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FCA issues stark warning for TPR firms

  • Global
  • Financial services
  • Financial services - Asset managers and funds

21-01-2022

On 18 January 2022, the FCA issued a statement on its temporary permissions regime (“TPR”) webpages setting out its approach to TPR firms which do not meet its expectations.  The FCA stresses that the TPR is only for use by firms who want to operate in the UK in the long term.  TPR firms should be seeking to meet the required standards for full UK authorisation in preparation for authorisation.  The FCA will take appropriate action if TPR firms do not meet the required regulatory standards, including removing them from the TPR.  

When will the FCA take action?

Missing a landing slot

A FSMA firm is an EU firm which passported into the UK under Schedule 3 or Schedule 4 Financial Services and Markets Act 2000 (“FSMA”) prior to entering the TPR.

The FCA expects FSMA firms to submit their application for authorisation during their allotted landing slot.  The FCA considers a FSMA firm missing its landing slot as failing to meet FCA expectations.

Failure to respond to mandatory information requests

The FCA may consider TPR firms which do not respond to mandatory information requests as not fit and proper or incapable of being effectively supervised.  Such firms may struggle to demonstrate that they meet the FCA’s threshold conditions for full authorisation.  So far the FCA has removed 4 firms from the TPR for failure to respond to mandatory information requests.

Firms which do not intend to apply for full authorisation

The TPR is intended to ensure continuity of service for UK customers by enabling TPR firms to transition from the passporting regime to the UK full authorisation regime.  Firms which do not intend to apply for authorisation but have entered the TPR in order to undertake new business present a risk of harm as they will have no long term presence in the UK.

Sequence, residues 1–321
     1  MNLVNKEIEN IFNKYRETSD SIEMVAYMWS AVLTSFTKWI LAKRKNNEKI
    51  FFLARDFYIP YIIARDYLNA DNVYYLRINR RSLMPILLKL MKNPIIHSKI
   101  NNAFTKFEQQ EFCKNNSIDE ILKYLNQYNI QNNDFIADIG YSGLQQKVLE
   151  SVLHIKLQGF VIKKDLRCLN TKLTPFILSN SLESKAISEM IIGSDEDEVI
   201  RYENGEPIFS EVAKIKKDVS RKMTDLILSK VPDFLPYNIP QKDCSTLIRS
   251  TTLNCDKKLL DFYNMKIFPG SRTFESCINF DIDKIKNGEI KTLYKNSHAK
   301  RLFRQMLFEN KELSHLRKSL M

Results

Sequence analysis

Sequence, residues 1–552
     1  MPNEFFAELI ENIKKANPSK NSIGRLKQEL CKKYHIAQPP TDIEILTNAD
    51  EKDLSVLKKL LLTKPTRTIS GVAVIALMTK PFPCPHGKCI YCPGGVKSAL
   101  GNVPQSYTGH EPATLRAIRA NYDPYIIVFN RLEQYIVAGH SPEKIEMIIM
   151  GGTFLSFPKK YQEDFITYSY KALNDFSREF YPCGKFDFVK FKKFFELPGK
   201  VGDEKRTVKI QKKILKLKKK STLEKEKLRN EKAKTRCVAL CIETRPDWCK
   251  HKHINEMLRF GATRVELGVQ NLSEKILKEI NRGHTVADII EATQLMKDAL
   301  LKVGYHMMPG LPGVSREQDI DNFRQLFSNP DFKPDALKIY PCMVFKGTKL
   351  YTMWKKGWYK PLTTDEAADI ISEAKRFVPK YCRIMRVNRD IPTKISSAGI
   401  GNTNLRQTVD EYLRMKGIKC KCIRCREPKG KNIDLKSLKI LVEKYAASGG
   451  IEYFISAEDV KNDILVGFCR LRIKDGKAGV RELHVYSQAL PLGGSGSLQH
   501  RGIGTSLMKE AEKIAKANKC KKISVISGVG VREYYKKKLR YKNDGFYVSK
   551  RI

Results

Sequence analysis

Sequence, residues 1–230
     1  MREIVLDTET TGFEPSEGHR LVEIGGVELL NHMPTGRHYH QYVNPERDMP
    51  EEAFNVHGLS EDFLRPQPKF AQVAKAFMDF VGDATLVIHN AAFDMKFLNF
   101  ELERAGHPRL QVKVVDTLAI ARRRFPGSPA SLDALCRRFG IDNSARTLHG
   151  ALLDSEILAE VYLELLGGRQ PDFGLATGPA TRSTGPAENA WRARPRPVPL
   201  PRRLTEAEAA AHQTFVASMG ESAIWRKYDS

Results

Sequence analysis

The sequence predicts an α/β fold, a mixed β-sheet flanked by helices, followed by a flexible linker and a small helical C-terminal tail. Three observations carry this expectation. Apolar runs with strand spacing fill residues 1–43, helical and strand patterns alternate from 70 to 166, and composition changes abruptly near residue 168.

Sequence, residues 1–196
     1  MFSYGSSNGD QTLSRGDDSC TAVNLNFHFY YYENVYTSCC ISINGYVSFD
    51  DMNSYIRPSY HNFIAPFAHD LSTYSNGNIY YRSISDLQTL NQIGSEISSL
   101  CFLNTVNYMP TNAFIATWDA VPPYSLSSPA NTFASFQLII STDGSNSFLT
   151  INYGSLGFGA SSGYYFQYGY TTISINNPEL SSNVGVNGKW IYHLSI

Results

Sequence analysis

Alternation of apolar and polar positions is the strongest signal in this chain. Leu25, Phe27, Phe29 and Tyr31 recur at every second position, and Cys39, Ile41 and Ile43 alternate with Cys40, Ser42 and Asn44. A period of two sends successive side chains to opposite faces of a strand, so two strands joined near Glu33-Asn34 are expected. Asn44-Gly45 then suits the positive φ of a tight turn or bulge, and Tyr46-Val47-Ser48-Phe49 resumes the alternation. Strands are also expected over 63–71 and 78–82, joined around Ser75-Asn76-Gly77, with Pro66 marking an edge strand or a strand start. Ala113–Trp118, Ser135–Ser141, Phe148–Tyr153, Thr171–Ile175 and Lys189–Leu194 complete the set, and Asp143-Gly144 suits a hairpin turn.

The FCA expects TPR firms which want to expand their UK businesses to want to become authorised.

The FCA accepts that there are some valid circumstances in which a TPR firm will not apply for full authorisation.  It gives the following examples:

  • a firm which is completing a merger with another entity
  • a firm which is transferring its UK business to a UK legal entity in order to continue to serve the UK market, for instance if it is unable to carry on its business under the UK’s on-shored regime:
    • for example an operator, manager, trustee or depositary of a UK authorised collective investment scheme or a payment services firm
  • a firm which is becoming an appointed representative (“AR”) of a UK authorised person

For TPR firms merging or becoming ARs, the FCA expects the firms to cancel their TPR status once the relevant action is concluded.  On concluding a transfer of business, unless a TPR firm has remaining business for which it is seeking full authorisation, it too will be expected to cancel their TPR status.

If a TPR firm does not have a valid reason not to apply for full authorisation, the FCA expects the firm to voluntarily enter supervised run-off (“SRO”) (if it has remaining UK business) or cancel its TPR status (if it does not).

Firms refused authorisation

The FCA expects TPR firms which will fail to meet the Threshold Conditions to voluntarily enter SRO or withdraw its authorisation application and cancel its TPR status. If an application is refused or withdrawn, firms should not reapply.

Actions the FCA may take

Actions the FCA may take against a TPR firm which does not meet their expectations include:

  • removing the firm from the TPR
  • asking the firm to voluntarily stop undertaking new business
    • if a firm does not comply voluntarily, the FCA will use its powers to prevent firms from undertaking new business
  • directing a FSMA firm to apply in an earlier landing slot
  • contacting the firm’s home state regulator and publishing a notice in the UK

In a recent press release, Emily Shepperd, Executive Director of Authorisations at the FCA, said:

“The UK is open for business, but not to firms who do not meet our regulatory expectations.  We expect firms operating under the regime to be responsive to our requests for information, and that are coherent in their business planning.  We will continue to act against firms that fail to meet our standards.”

Firms which are removed from the TPR will be committing a criminal offence if they continue to conduct regulated business in the UK.

How Eversheds Sutherland can help

Since June 2016, our lawyers, consultants and International Funds Net (FundsNet) team have advised various institutions passporting into the UK from EU Member States and passporting from the UK into the EU on Brexit planning and Brexit related issues. Please get in touch with the contacts below for further information: